7. Keep it simple and have fun. The dinner party is more about spending time with friends than perfectly executed dishes.

Carbs in the Clouds | Mealsharing for the First Time


I have cooked for family. I have cooked for dates. I have cooked for judges. But now it was time to cook for strangers.

A few weeks ago I met Jessica, one of the founders of, at a meeting for Chicago Food Bloggers. Sharing photos and stories on here is great, but I have been looking for a space for friends and strangers to sample my creations. Jessica said she knew people who would host if I was willing to cook. I emailed my friends to pick a date, then started planning the menu.

The Prep

I settled on crostini with four different toppings, a salad, carbonara alla bucatini and tiramisu. If you read this blog on a regular basis you know I rarely bake. My girlfriend offered her services to whip up tiramisu from scratch.

On mealsharing, you can specify where, how much guest should chip in and how many people you’d like to host. I figured 10 of my friends might come. Thursday night I only had one faithful friend who had registered. I considered rescheduling the dinner. On Friday, friends and strangers started claiming all the seats to sell out the event.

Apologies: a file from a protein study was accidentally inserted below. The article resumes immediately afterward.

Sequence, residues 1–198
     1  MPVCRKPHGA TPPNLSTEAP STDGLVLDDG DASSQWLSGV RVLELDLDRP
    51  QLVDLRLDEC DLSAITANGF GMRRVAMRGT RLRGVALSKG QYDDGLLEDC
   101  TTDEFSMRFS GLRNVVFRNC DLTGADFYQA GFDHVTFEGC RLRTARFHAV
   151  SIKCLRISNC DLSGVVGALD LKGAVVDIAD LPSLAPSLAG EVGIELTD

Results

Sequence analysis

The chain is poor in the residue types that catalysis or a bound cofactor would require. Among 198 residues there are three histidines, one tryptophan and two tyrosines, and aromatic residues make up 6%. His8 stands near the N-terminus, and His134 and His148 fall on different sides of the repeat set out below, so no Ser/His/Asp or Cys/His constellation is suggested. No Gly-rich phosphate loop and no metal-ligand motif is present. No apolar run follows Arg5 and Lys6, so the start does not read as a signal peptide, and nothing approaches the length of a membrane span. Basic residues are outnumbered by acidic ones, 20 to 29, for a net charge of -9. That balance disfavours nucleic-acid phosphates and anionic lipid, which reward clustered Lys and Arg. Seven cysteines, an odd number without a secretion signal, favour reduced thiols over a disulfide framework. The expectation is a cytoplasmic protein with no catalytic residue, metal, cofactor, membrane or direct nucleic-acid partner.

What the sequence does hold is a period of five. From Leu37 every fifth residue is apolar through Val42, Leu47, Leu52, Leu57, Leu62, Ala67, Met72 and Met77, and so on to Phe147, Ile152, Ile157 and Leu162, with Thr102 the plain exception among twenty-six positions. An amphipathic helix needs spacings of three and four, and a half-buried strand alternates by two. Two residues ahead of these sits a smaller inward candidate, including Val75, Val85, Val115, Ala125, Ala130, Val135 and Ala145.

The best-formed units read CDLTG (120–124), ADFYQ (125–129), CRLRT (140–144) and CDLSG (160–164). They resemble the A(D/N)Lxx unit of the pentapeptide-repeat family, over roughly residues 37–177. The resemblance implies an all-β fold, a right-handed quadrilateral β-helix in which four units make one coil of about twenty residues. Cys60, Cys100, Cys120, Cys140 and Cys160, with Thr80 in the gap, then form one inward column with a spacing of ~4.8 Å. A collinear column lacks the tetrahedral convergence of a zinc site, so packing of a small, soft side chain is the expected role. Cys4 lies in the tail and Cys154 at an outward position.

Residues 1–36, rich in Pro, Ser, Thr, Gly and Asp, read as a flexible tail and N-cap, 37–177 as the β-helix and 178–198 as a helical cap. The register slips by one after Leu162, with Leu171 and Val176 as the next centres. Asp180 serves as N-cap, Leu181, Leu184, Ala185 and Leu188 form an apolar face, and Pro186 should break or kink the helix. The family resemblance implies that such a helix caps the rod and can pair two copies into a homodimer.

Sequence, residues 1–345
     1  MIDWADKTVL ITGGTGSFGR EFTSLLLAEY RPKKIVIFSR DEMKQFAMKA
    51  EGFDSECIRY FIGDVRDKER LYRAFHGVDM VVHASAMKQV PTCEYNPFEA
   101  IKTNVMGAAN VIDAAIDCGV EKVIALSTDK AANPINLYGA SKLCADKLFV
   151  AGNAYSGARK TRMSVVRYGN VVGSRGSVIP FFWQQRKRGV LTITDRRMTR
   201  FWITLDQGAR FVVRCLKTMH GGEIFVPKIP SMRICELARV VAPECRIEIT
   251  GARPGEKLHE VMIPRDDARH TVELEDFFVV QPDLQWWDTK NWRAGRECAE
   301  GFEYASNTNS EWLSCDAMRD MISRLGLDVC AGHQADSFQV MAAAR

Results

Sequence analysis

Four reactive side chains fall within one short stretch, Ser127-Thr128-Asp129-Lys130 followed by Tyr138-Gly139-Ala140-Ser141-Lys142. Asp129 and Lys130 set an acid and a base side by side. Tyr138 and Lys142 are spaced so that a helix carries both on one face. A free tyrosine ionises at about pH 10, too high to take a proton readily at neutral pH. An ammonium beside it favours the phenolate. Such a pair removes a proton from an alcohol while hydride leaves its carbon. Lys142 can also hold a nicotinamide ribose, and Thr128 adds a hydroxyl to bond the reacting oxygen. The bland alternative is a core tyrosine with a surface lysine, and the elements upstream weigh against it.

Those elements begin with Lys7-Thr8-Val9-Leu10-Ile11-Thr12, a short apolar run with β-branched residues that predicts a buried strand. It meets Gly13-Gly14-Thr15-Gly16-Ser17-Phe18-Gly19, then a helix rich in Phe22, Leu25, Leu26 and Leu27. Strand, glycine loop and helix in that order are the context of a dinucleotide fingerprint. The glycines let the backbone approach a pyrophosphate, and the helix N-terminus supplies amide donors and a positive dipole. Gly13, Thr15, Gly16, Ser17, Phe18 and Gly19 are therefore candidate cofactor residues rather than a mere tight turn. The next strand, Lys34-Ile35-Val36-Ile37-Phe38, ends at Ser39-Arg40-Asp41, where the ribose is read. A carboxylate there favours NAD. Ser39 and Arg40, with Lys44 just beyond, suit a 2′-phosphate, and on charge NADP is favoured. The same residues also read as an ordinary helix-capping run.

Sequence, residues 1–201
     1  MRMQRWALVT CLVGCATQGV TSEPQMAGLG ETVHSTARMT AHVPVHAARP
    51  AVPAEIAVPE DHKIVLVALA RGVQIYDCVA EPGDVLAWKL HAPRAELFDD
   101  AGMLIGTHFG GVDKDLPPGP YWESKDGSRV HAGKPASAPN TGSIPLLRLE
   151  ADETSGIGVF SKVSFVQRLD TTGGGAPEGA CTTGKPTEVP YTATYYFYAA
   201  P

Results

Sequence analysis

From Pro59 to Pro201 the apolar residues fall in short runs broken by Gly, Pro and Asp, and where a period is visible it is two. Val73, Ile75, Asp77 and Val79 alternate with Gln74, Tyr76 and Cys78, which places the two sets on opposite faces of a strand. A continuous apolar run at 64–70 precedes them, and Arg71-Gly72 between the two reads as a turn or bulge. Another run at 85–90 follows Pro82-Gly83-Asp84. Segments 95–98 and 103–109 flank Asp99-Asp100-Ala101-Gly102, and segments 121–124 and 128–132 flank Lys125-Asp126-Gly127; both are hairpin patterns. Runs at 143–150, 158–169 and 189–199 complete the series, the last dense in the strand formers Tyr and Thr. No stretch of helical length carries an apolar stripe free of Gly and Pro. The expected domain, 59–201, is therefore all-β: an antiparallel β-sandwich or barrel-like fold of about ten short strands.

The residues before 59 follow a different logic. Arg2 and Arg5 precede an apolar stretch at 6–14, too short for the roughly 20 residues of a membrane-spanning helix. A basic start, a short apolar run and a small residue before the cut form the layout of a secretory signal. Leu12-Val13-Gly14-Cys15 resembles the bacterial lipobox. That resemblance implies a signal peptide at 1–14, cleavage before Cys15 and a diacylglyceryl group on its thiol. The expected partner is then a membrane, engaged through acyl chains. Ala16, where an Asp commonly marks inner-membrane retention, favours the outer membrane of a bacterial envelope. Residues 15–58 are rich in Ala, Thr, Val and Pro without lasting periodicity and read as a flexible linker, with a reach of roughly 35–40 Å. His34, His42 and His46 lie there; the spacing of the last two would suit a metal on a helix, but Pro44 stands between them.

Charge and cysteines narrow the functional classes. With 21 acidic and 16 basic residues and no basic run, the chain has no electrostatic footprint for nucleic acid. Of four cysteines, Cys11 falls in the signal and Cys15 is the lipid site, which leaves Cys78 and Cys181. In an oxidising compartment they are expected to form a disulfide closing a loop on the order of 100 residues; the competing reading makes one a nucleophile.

We hit a few stores to procure all the ingredients. For the crostini toppings I reached out to my grandma’s cousin Ciccio in Sicily for advice. He sent three suggestions for Crostini marsalesi: Patè di olive, Patè di tonno in scatola and Patè di pomodoro. I added roasted eggplant with roasted garlic to the lineup. I made all of these with my KitchenAid Chopper before heading to the city.

The Meal

Leann and I emerged victorious in the battle against rush hour traffic from the ‘burbs. We stopped at Mariano’s in the South Loop to get the final ingredients. Ben & Jerry’s was camped outside with free samples, which served as an energy booster after a long drive. Once at the space, Leann and I may have skipped around in amusement. The space Jessica set me up with was a common space for a condo building in the South Loop. It overlooked Soldier Field, Lake Michigan and had an unrivaled view of downtown’s skyscrapers. Leann and I unpacked our items, started prepping and wondering if they’d ever know if decided to never leave that rooftop paradise.

Guests started arriving shortly after 7:15. Scaling a recipe for 4 to serve 12 isn’t as simple as you would hope.

I know why they called it a miracle when Jesus fed all the guests at Cana. He was smart to limit the menu to loaves and fishes.

Leann and my friends jumped in as sous chef to help me get the food out. The crostini and salad bought me time to assemble the carbonara. There was a bit of a delay between courses, but thankfully no one rushed the kitchen. After the carbonara was done, everyone left the kitchen to enjoy wine, food and conversation.